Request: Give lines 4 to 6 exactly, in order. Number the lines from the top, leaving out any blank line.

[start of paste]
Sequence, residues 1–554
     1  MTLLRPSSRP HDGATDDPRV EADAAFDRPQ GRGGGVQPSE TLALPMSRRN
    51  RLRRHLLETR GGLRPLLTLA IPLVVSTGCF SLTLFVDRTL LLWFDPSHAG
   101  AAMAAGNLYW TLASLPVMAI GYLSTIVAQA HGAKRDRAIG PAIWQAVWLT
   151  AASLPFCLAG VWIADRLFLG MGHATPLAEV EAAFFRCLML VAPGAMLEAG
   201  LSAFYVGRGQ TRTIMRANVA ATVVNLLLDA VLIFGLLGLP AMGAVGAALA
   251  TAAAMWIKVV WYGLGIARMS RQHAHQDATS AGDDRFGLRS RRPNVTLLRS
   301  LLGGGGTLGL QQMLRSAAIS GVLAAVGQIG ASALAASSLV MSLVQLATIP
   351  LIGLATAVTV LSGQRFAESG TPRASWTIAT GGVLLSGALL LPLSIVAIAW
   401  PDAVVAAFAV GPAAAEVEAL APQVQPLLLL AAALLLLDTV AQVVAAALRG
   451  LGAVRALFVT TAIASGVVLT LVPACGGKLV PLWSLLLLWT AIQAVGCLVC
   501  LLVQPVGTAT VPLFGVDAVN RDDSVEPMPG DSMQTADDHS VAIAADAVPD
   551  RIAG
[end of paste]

   101  AAMAAGNLYW TLASLPVMAI GYLSTIVAQA HGAKRDRAIG PAIWQAVWLT
   151  AASLPFCLAG VWIADRLFLG MGHATPLAEV EAAFFRCLML VAPGAMLEAG
   201  LSAFYVGRGQ TRTIMRANVA ATVVNLLLDA VLIFGLLGLP AMGAVGAALA